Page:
Will stock market launch Republicans to victory?

Will stock market launch Republicans to victory?
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In 1992, James Carville famously coined the phrase “it’s the economy, stupid” to focus attention on the prevailing recession at the time in order to help Bill ClintonWilliam (Bill) Jefferson ClintonTrump, GOP regain edge in Kavanaugh battle Presidential approval: It's the economy; except when it's not Hypocrisy in Kavanaugh case enough to set off alarms in DC MORE successfully unseat George H.W. Bush. If it really is all about the economy, the current environment of accelerating growth and unemployment at historically low rates should have the Republicans feeling pretty good about their chances in the midterm elections.

Fairly or unfairly, the party in power generally gets the lion’s share of the benefit when things are going well and the blame when things are going poorly. Supporters of Barack ObamaBarack Hussein ObamaFord taps Obama, Clinton alum to navigate Senate hearing McCaskill to oppose Kavanaugh nomination Presidential approval: It's the economy; except when it's not MORE rightly contend that Donald Trump inherited an improving economy, and supporters of Trump point to positive economic trends since his election. The truth of who is actually responsible for economic performance likely lies somewhere in between.

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The stock market is a reflection of the economy, albeit an imperfect one. Most importantly, it is most often a forward looking reflection of the economy, and it certainly appears as to be a tailwind for Trump and the Republicans.

As a value investor, I focus on earnings and the price to earnings ratio of both individual stocks in the market and the price to earnings ratio of the market as a whole. Many investors and pundits jump to the conclusion that by traditional measures, the stock market is wildly overvalued on a price to earnings basis and that a stock market correction or even a crash is imminent. They cite the fact that the S&P 500 index is selling at a price earnings ratio of 25 times, compared to an historical mean of 15 times, trailing over the past year.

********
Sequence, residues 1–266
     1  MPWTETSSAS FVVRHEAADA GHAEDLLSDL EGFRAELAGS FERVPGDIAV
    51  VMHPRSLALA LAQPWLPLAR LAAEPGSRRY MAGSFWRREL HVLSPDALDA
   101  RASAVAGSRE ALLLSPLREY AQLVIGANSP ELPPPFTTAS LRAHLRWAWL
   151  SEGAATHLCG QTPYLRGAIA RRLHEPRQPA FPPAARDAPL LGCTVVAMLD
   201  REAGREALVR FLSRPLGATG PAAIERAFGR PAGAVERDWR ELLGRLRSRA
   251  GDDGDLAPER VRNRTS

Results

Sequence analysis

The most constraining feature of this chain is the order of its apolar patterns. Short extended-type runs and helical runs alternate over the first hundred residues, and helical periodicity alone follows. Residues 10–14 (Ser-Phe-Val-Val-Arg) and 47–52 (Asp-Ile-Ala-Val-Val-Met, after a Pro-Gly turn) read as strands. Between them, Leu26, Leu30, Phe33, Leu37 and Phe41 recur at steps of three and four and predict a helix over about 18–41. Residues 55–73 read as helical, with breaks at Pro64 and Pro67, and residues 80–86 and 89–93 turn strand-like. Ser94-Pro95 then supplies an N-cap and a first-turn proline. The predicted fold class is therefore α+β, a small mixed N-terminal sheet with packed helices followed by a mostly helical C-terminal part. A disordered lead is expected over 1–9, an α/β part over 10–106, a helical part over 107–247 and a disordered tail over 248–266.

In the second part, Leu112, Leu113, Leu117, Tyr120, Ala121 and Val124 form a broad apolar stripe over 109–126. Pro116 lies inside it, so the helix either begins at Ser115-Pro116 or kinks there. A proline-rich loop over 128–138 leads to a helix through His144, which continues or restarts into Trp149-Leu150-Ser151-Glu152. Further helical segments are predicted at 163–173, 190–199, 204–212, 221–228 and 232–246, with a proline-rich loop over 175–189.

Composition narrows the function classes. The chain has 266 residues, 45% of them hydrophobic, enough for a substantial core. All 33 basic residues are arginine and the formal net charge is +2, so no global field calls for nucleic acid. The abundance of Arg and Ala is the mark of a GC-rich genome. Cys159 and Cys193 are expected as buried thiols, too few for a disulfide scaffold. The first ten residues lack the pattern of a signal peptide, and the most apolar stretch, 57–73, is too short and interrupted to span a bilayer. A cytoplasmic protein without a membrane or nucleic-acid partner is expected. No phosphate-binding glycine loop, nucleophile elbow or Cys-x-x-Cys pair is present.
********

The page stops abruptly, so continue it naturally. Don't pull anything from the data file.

I take issue with that simplistic assessment and believe that current valuation levels are still quite favorable to stocks, particularly over bonds. The 10-year Treasury bond is yielding less than 3 percent, which means that it is essentially selling at a price earnings ratio of nearly 35 times earnings. Moreover, those “earnings” that a purchaser of the 10-year bond is entitled to do not grow.

The stock market is forward looking, and the S&P 500 index sells at a price to earnings ratio of around 17 times on a forward looking basis over the next year. That ratio is actually slightly down from last quarter, and substantially down from around 19 times a year ago. In essence, on a forward price to earnings basis, the stock market has recently gotten less, not more, expensive. Many analysts focus too much on the “price” part of the equation and ignore that earnings growth has accelerated.

Now, the attractiveness of stocks overall, and stocks relative to bonds, declines as interest rates rise, and rapidly rising interest rates could derail stock market growth. This is why President TrumpDonald John TrumpTrump rallies in Nevada amid Supreme Court flurry: 'We're gonna get Brett' Trump: 'Good news' that Obama is campaigning again Trump boosts Heller, hammers 'Wacky Jacky' opponent in Nevada MORE has been publicly critical of Federal Reserve Chairman Jerome Powell’s policy of slowly raising interest rates. The overwhelming consensus of the market is that interest rates are going to continue to rise over the foreseeable future, but only at a very measured pace. It is likely that Fed will raise the target federal funds rate by 0.25 percentage points at its meeting next month. There is also a good chance that the Fed will again raise the target fed funds rates by another 0.25 percentage points in December.

So with the economy humming along and, if it really is “the economy, stupid,” will Republicans prevail in the midterm elections? There may be an even stronger wind blowing than the economy. Parties in power most often lose ground in the midterms. A reflection perhaps of buyer’s remorse from the previous election, the deck is generally stacked against the incumbent party. Since 1934, in 21 midterm elections, the incumbent party has lost an average of 27 House seats and nearly four Senate seats.

Furthermore, incumbents have only gained House seats in three elections and Senate seats in five elections. This November, the underlying economy, as reflected by the stock market, will certainly be a tailwind. But for Republicans, the headwind of history may prove to be even stronger.

Robert R. Johnson is a professor at the Heider College of Business at Creighton University, principal at Fed Policy Investment Research Group, and an author of “Strategic Value Investing” and “Invest with the Fed.”